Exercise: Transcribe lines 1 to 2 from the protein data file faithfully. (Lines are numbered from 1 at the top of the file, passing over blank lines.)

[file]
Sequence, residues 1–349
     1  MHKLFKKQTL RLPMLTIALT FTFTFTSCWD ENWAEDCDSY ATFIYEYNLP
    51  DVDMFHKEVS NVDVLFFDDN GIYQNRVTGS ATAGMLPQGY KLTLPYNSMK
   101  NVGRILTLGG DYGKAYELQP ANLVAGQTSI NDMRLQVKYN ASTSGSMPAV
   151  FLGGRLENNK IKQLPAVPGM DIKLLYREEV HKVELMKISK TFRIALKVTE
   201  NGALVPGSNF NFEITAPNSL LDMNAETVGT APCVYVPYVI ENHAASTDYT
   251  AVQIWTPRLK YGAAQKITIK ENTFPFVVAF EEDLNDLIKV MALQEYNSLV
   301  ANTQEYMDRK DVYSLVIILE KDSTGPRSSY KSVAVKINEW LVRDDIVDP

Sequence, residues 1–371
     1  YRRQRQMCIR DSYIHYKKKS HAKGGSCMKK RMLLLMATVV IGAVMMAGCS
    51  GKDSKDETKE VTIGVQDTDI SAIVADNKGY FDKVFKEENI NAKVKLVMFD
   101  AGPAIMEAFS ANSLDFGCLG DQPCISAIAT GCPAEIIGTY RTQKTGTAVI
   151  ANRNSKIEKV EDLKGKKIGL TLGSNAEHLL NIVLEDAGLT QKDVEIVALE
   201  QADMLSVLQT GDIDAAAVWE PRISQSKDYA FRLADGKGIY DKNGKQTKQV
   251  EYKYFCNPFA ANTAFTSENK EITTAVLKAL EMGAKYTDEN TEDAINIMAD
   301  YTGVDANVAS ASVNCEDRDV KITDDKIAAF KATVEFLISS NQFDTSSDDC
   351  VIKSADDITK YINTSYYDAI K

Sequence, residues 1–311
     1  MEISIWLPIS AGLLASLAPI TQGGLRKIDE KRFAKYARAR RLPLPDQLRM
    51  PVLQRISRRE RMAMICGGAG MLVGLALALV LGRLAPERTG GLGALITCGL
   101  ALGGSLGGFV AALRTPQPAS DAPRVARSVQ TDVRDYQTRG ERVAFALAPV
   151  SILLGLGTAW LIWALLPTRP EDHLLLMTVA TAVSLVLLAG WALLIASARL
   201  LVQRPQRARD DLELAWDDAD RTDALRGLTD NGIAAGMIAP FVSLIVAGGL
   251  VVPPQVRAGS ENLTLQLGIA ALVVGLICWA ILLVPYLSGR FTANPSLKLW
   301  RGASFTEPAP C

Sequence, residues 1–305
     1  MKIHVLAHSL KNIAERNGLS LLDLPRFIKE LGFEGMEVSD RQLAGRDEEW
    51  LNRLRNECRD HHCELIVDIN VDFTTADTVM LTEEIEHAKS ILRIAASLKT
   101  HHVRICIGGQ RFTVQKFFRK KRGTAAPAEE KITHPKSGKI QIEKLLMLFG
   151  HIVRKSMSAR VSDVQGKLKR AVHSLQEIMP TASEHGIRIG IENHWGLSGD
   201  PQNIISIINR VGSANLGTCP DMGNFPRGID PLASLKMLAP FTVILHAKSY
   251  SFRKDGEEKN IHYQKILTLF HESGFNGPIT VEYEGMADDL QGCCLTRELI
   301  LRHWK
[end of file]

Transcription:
Sequence, residues 1–349
     1  MHKLFKKQTL RLPMLTIALT FTFTFTSCWD ENWAEDCDSY ATFIYEYNLP